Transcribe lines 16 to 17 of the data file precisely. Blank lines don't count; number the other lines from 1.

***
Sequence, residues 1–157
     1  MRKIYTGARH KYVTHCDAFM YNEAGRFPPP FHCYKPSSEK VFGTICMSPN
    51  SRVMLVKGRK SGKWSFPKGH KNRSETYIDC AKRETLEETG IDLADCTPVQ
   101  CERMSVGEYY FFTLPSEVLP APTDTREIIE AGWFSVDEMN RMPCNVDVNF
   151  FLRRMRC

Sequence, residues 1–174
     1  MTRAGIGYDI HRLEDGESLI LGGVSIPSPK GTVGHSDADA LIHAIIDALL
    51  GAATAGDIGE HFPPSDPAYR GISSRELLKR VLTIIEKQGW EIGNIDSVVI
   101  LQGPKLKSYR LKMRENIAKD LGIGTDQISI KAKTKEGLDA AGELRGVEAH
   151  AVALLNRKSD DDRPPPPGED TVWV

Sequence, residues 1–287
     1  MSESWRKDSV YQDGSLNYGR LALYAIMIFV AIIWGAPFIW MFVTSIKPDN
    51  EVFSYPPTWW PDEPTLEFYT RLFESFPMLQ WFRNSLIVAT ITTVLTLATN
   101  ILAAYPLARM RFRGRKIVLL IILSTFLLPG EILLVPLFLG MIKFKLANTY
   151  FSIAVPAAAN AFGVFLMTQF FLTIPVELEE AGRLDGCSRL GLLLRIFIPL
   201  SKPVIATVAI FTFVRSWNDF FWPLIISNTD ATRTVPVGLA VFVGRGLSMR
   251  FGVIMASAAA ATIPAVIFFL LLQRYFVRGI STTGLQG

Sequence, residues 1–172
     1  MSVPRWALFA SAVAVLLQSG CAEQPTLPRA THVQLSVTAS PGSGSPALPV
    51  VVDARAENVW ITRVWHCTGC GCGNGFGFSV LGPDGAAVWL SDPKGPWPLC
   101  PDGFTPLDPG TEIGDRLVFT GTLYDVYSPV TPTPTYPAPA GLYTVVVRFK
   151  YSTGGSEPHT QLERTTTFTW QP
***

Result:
   201  SKPVIATVAI FTFVRSWNDF FWPLIISNTD ATRTVPVGLA VFVGRGLSMR
   251  FGVIMASAAA ATIPAVIFFL LLQRYFVRGI STTGLQG